How Your Boss Already Knows If You Want to Quit Your Job
Employee turnover is a fact of life. The Bureau of Labor Statistics hasn’t tracked one age group for their entire working life, but it reports that young baby boomers (ages 51 to 58) worked an average of 11.3 jobs from ages 18 to 46. That’s a lot of switching jobs, and they’re not even the generation most known for job-hopping (ahem, millennials).
Though switching jobs definitely has an effect on the employees themselves, it has a financial cost for the companies they’re leaving. The Center for American Progress, a left-leaning think tank, aggregated 30 case studies from numerous research papers and found that the average cost to replace an employee is about 20% of that person’s salary. For employees who make $30,000 or less, the replacement cost is also lower, but the center estimates it’s still about $4,800. At a managerial level for someone making $75,000, that turnover cost jumps to $15,000.
Part of the turnover is unavoidable, based on the bureau’s biennial data. The median job tenure is just 4.6 years, a number unchanged since 2012. That increases slightly for managerial positions (a median tenure of 6.9 years) but dips drastically to 2.2 years for food service personnel. Occupations in other sectors vary between those two figures.
The new attrition warning system
Instead of just wringing their hands and waiting to receive a letter of resignation, company leaders are trying to devise formulas that will help them predict when their employees will leave. According to a report from the Wall Street Journal, companies such as Walmart are already using formulas to predict such moves. Data crunchers use numerous factors such as job tenure, position, geography, performance reviews, and more to identify flight risks.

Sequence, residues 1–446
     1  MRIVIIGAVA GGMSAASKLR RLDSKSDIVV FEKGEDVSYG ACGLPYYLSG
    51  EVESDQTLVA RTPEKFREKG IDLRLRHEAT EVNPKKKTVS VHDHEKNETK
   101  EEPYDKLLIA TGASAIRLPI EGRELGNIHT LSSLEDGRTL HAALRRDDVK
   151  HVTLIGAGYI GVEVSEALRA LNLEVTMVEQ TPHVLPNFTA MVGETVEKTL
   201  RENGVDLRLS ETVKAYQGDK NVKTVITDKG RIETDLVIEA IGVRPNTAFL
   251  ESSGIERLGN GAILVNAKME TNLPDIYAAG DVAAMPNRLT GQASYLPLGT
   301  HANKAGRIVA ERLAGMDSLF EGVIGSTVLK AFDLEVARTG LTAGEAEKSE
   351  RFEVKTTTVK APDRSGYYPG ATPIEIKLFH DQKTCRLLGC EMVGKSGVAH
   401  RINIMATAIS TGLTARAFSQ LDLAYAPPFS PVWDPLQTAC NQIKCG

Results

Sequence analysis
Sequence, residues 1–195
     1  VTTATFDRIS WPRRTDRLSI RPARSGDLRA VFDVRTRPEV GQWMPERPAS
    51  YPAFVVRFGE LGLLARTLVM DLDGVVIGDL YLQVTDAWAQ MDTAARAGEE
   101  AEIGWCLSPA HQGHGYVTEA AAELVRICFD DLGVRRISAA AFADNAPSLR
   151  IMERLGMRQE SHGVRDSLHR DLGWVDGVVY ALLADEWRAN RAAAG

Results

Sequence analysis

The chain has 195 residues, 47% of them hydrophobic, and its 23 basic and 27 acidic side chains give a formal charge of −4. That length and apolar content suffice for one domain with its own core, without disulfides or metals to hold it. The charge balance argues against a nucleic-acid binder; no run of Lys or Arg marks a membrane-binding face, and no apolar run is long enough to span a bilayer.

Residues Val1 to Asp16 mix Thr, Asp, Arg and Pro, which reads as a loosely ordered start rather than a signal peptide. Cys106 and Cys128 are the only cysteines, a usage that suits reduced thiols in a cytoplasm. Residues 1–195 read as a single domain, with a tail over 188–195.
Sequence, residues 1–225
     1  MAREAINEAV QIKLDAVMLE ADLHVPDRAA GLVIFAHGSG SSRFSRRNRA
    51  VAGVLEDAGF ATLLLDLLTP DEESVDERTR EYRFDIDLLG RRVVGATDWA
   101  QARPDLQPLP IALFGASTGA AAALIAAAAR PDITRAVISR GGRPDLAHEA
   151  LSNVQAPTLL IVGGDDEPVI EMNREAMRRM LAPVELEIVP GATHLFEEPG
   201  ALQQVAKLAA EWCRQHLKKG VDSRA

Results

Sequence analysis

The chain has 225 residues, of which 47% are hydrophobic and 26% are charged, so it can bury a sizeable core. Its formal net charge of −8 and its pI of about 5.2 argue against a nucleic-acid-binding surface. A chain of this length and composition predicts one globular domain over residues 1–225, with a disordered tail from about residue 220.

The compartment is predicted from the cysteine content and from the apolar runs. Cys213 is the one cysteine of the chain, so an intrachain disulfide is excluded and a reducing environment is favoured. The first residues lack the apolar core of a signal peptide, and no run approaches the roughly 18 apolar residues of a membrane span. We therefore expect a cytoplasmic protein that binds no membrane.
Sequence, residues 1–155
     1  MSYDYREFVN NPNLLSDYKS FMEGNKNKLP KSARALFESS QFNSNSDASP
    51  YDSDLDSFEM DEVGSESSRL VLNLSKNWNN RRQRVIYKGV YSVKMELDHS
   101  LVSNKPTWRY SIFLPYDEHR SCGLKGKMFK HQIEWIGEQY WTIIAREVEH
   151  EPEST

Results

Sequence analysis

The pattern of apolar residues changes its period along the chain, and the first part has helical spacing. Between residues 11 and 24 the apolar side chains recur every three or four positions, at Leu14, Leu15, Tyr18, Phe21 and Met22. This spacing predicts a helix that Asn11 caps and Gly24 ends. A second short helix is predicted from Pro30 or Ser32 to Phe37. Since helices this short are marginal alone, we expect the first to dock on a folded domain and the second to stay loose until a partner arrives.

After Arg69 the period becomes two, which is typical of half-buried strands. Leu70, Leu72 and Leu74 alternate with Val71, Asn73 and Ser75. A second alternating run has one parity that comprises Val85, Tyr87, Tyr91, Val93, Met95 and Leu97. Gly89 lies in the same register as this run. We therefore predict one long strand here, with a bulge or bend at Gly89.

The data points can take different levels of significance depending on the company. According to the Journal report, companies such as cloud storage service Box use analytics from Culture Amp. The analytics firm reported that, based on employee surveys, the connection employees feel to their team trumps their pay or relationship with their boss. But at financial institution Credit Suisse, managers’ performance and team size play a major role in the employees’ overall satisfaction and their propensity to leave.
While some of these models might be developed in-house, there are software and human resources companies already developing the software necessary. Ultimate Software, a human resources company, developed and released its UltiPro Rentention Predictor in 2013. The software uses 50 key data points that predicts the likelihood of an employee staying with the company for the next year. “For the first time, executives can see what the flight risk is of their employees across all levels of their organization, which allows them to really emphasize and focus on the areas that are at greatest risk,” said Steve VanWieren, principal statistician and data scientist for the company.
One data point can’t fully predict turnover, perhaps the reason Ultimate Software uses 50 in its analysis. “One of the things that people want to find is that one nugget, that key thing that correlates with someone leaving, but it is never that simple,” Thomas Daglis, a data scientist at Ultimate Software, told WSJ.
Big data not just for quitting
Knowledge might be power. In some cases, such as Walmart, analysis is used to predict when employees will leave their position because of promotion as well, not just attrition. The company promotes 160,000 to 170,000 people per year, according to WSJ, and leaving an unfilled position for months at a time isn’t ideal. “If we can tell three months in advance [that a position is going to be open], we can start hiring and training people. You don’t want the jobs vacant for that long a time,” said Elpida Ormanidou to the Journal, Walmart’s vice president of global people analytics.